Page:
Any dog with medium to long hair is likely to need a trim in between professional grooms which can be a bit daunting, particularly when grooming a dog’s face and paws.
PETstock Groomer, Dekota Doonan shares her tips on grooming a dog’s face and paws safely.
Grooming around the eyes
It’s important to clean and trim any hair that overhangs the eyes so that a dog has clear vision, but also to prevent it falling against the eye and causing irritation. This can include their eyelashes if they grow extra long as they can sometimes turn into the eye, causing scratches and irritation on the cornea.
You should also use a wet cloth to gently remove any gunk that can block the tear ducts and cause infection. This should be done daily in most dogs to prevent build-up.
Grooming a dog’s ears
You should also regularly clean your dogs ears and remove wax build-up. Make sure to always use a pet ear cleaner for this and not water, you can use this on a cotton ball. Makes sure to not go into the ear canal but only clean the ridges and skin present just inside the ear. If they are rubbing at the ear or shaking their head more than usual, get a vet to check for ear infections or grass seeds.
Get your dog used to being touched
To help make life easier when grooming a dog’s face and paws, you do need to spend time getting them used to you gently touching around their face and eyes and be confident they will sit or lie still as you cut.
If you have a dog that does not sit still well and jerks their head around, do not try to trim their face at home as this can cause major injuries.
Get your dog used to the look and the sound of your scissors before you put them directly near your dog’s eyes. Start by rubbing a metal teaspoon around their face and eyes, as it;s is a great way to get them used to the process. Use positive reinforcement training by offering your dog treats throughout trimming process and at the end to make the experience a positive one.
Use small, good quality trimming scissors with stainless steel blades that allow for precise cutting like the DDG grooming scissors.
Always be cautious and don’t get too close to your dogs eyes. The golden rule is to remember you are using sharp objects on a moving animal, so always be prepared for them to move and always be aware of where the tips of your scissors are before grooming a dog’s face and paws.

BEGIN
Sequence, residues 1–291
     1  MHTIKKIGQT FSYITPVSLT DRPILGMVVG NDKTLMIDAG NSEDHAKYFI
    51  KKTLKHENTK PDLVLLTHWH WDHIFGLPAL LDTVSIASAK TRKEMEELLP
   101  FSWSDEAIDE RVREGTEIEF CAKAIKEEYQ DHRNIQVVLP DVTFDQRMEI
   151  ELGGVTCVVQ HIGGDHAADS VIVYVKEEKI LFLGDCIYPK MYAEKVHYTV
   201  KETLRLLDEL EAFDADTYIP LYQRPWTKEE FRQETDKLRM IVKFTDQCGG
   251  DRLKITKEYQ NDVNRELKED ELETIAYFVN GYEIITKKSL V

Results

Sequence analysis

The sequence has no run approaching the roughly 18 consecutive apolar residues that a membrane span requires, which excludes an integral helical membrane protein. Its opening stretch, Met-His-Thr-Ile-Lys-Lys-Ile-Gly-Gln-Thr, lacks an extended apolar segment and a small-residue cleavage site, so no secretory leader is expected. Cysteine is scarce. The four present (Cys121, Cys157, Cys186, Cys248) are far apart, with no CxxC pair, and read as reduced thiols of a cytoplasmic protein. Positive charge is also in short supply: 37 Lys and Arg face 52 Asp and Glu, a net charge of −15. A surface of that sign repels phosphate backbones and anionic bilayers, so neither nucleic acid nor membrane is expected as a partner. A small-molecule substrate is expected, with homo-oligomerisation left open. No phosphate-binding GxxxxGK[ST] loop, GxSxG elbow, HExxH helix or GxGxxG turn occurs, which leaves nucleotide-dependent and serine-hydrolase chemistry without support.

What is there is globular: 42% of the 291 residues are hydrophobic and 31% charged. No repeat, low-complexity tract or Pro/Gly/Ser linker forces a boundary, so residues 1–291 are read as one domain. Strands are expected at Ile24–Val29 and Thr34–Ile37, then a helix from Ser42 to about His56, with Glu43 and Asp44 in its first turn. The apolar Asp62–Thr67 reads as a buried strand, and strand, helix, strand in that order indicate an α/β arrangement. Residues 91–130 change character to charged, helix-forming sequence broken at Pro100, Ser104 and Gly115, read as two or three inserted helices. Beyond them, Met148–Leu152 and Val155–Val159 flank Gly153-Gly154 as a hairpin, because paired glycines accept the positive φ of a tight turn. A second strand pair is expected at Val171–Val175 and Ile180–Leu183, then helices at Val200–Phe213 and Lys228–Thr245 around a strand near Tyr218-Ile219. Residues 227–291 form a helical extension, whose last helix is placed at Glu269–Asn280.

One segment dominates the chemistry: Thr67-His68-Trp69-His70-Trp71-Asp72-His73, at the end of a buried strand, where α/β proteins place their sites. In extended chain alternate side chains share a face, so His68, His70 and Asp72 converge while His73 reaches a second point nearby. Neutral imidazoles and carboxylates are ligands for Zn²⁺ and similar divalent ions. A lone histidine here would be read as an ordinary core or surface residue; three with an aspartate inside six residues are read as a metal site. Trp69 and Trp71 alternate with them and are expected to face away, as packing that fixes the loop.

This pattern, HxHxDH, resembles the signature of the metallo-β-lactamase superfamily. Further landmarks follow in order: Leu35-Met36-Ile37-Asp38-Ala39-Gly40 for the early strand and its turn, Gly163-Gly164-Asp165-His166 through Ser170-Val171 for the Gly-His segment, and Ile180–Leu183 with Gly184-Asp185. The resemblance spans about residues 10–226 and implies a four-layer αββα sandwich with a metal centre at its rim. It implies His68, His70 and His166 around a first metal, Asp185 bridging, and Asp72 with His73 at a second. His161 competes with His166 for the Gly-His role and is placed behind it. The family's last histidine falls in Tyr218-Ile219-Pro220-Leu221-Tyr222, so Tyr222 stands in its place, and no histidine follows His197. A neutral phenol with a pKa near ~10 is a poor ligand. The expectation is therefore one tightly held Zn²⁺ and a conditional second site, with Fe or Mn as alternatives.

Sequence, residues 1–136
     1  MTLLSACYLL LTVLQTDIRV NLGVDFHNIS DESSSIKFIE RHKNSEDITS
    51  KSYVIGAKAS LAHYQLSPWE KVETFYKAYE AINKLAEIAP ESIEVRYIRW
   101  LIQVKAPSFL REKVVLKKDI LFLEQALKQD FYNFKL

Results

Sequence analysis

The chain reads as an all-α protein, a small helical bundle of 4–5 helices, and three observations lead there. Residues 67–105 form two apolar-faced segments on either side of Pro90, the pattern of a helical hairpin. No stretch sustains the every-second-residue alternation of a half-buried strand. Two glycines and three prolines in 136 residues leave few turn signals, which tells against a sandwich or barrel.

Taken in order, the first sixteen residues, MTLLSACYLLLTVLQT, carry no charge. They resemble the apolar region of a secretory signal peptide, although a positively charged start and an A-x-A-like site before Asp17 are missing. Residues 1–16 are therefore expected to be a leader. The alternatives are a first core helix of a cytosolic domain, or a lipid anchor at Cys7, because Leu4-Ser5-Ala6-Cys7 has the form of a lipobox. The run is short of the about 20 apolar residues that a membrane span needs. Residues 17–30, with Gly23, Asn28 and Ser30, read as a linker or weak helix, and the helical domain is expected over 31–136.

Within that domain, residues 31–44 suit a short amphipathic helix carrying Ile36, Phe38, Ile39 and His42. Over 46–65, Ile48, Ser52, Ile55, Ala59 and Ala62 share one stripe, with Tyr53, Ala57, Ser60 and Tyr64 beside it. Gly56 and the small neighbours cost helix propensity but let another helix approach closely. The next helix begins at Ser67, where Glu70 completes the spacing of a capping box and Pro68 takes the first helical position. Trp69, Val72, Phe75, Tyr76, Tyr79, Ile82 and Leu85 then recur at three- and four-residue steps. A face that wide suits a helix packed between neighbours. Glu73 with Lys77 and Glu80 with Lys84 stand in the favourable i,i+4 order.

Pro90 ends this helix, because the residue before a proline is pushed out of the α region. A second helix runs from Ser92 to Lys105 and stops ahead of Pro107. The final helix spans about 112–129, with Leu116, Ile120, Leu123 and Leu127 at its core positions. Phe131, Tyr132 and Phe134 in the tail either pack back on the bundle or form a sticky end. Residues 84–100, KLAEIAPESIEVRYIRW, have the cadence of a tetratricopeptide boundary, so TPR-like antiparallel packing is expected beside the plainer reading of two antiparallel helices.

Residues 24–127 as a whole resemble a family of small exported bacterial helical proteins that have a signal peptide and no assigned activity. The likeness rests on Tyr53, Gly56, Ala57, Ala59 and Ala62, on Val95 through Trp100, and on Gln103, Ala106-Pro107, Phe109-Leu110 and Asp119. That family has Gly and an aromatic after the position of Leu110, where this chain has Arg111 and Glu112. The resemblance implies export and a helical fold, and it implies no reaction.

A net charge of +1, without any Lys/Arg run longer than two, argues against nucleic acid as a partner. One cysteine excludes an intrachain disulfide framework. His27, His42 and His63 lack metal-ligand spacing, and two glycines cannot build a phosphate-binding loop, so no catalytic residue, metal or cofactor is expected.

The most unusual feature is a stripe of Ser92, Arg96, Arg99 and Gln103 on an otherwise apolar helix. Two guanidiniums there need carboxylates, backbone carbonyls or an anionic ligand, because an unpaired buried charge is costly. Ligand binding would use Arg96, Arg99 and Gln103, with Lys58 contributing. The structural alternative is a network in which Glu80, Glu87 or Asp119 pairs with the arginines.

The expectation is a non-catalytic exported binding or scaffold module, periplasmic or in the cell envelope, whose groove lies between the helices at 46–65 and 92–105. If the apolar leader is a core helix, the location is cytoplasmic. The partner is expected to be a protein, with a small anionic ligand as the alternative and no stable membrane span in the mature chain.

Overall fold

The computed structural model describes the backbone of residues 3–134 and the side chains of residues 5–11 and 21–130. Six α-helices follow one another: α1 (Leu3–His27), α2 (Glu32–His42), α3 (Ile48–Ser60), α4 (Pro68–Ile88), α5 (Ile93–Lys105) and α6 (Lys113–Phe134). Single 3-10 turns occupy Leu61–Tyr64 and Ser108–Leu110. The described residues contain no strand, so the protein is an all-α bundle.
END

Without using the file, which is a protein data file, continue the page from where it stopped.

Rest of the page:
Cutting around their mouth
You should be regularly washing around their mouth with a warm damp cloth and brushing it out gently can help keep this area clean. It is an area prone to matting because this is where food and water gets stuck and wet fur mats easily, so ensure to wipe your dog’s mouth regularly.
If it does get overgrown you can very gently and slowly trim around their mouth but be very careful of where their lips are and hold their mouth shut tightly, it is very easy to cut a dog’s tongue if you are not being careful.
Grooming around their paws
Hair bunching between the pads can not only be uncomfortable, but if it grows over the pads it can cause them to slip causing pain or injury, especially in older dogs.
Trimming them also reduces grass seeds and other things getting caught up in the fur that could cause discomfort or potential irritations and infections. Matting is also super common between your dogs toes so keep this area combed and trimmed.
Get your dog used to having their paws touched
When grooming a dog’s face and paws, get your dog used to having their paws touched and held. Sit on the couch while watching the TV and gently build up the time you hold each paw for, again using positive reinforcement to encourage calm responses. You can also gently bend the dog’s leg and paw so you can comfortably use the scissors to trim the fur back to the paw.
You can get someone to hold your dog of help you keep them standing and still to do the bottoms of the paw.
Use the scissors like the DGG ones that have the ball tips for a bit of extra protection, and take very small snips of the hair, including in between the pads, but avoid touching the pad with the scissors. Always have a firm grip on your dog’s paw and be cautious of them moving.
Applying some DGG Paw Balm afterwards can help keep their paw pads soft and moisturised as well.
Trimming around a dog’s bottom
Trimming around a dog’s bottom is important because not only can it be uncomfortable when long, but also quite dangerous for dogs if the back end gets blocked by hair.
It can cause their poop to build up so much that they can no longer actually go to the toilet and cause them great pain and suffering, so trimming any overgrown hair here regularly is a must. Regular grooming will cut this issue down significantly.
You can wash the area first with some shampoo and ensure it is dry before cutting with the flat part of the scissors, keeping the pointy ends well away from the tail. You may need assistance to keep your dog standing and keep their tail out of the way.
And, make sure you’re in a quiet place with no distractions or noise that could startle your dog when doing any of this.
For more information on the importance of grooming your dog regularly, including grooming a dog’s face and paws, click here.
You can find the DGG range at your local pet specialty store and PETstock both online or in-store.